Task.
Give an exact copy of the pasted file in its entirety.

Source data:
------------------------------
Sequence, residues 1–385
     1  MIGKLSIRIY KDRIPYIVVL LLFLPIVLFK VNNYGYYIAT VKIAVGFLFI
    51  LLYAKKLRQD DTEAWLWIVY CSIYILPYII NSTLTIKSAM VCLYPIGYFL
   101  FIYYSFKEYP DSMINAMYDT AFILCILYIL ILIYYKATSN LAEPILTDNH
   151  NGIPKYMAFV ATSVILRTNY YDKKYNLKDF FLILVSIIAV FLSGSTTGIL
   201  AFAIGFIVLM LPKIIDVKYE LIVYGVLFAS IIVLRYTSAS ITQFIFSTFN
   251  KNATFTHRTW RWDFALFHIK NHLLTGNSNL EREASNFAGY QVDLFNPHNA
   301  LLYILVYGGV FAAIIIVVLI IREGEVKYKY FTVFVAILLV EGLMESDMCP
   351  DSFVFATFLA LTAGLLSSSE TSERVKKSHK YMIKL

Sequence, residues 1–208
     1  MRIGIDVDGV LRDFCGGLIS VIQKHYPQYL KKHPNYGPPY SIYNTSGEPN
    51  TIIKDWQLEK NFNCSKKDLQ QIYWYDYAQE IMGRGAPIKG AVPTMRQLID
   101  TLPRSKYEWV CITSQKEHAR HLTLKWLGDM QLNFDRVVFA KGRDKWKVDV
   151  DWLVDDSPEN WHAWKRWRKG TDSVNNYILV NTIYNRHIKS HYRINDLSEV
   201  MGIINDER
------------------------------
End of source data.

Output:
Sequence, residues 1–385
     1  MIGKLSIRIY KDRIPYIVVL LLFLPIVLFK VNNYGYYIAT VKIAVGFLFI
    51  LLYAKKLRQD DTEAWLWIVY CSIYILPYII NSTLTIKSAM VCLYPIGYFL
   101  FIYYSFKEYP DSMINAMYDT AFILCILYIL ILIYYKATSN LAEPILTDNH
   151  NGIPKYMAFV ATSVILRTNY YDKKYNLKDF FLILVSIIAV FLSGSTTGIL
   201  AFAIGFIVLM LPKIIDVKYE LIVYGVLFAS IIVLRYTSAS ITQFIFSTFN
   251  KNATFTHRTW RWDFALFHIK NHLLTGNSNL EREASNFAGY QVDLFNPHNA
   301  LLYILVYGGV FAAIIIVVLI IREGEVKYKY FTVFVAILLV EGLMESDMCP
   351  DSFVFATFLA LTAGLLSSSE TSERVKKSHK YMIKL

Sequence, residues 1–208
     1  MRIGIDVDGV LRDFCGGLIS VIQKHYPQYL KKHPNYGPPY SIYNTSGEPN
    51  TIIKDWQLEK NFNCSKKDLQ QIYWYDYAQE IMGRGAPIKG AVPTMRQLID
   101  TLPRSKYEWV CITSQKEHAR HLTLKWLGDM QLNFDRVVFA KGRDKWKVDV
   151  DWLVDDSPEN WHAWKRWRKG TDSVNNYILV NTIYNRHIKS HYRINDLSEV
   201  MGIINDER